The Court will assess whether and to what extent the Government’s position warrants respect based on these filings. Deference on national security grounds cannot be gained only on the basis of an allegation, and rather, doing so would encourage the Government to increasingly cite national security as a defence in fundamental rights matters.

The Court’s unequivocal position on this typically neglected feature of fundamental rights lawsuits is critical in countering the Government’s inclination to seek opacity regarding its operations and a stern command to make judicial review more effective.


  1. Explained: How Pegasus spyware infects a device; what data may be compromised:This report details how the Pegasus Spyware operates.
  2. Revealed: How the Wire and Its Partners Cracked the Pegasus Project and What It Means for India: This article covers how the whistle-blowing report on the use of Pegasus Spyware had been prepared by journalists across the world.
  3. No legal cover for journalists refusing to divulge source: This article explores the lack of legal or statutory protection given to journalists for refusing to disclose their sources.
  4. Free Speech and Source Protection for Journalists: This article discusses the centrality of protection of journalistic sources to the freedom of the press and critically analyses the USA. European and Indian law in light of this issue.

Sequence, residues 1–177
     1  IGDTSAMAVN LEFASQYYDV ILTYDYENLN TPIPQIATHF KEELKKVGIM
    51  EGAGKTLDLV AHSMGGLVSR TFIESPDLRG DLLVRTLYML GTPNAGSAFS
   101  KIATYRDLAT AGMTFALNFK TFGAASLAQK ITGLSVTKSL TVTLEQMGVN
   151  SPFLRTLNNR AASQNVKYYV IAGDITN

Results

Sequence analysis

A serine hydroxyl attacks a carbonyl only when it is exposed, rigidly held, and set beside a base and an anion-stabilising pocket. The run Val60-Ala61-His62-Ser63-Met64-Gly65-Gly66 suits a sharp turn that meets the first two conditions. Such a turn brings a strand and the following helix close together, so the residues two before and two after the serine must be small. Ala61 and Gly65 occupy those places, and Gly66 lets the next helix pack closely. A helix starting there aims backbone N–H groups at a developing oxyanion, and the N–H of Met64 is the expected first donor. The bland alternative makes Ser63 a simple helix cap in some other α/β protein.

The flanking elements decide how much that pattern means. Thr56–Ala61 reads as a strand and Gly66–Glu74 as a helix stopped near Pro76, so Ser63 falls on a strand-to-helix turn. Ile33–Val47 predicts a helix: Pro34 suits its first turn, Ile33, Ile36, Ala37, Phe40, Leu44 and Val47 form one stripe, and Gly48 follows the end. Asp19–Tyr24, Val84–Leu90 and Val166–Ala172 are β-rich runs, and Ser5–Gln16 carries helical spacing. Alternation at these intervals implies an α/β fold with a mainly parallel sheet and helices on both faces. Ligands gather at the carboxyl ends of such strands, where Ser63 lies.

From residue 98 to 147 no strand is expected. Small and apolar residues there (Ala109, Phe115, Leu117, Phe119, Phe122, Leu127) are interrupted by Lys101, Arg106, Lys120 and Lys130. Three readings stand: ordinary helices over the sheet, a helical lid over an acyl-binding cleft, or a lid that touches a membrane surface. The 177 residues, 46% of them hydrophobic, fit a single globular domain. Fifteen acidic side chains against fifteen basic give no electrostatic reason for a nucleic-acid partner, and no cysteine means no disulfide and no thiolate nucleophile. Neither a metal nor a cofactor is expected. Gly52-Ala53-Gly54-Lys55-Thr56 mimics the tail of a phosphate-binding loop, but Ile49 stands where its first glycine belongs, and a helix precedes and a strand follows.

5. Right To Privacy: Surveillance in The Post-Puttaswamy Era: This article links the threat posed by surveillance to privacy in post-Puttaswamy.
  6. Are India’s laws on surveillance a threat to privacy?:The article discusses the need for checks and balances to protect privacy whilst addressing security concerns.

Liked this article? Stay tuned for the second part of the “Key Constitutional Law Developments” series. 

Read more constitutional law related articles here. 

Indrasish Majumder
Indrasish Majumder
Hello, I am Indrasish born and brought up in Kolkata, West Bengal. I am currently pursuing my B.A L.L.B. (Hons.) at National Law University, Odisha.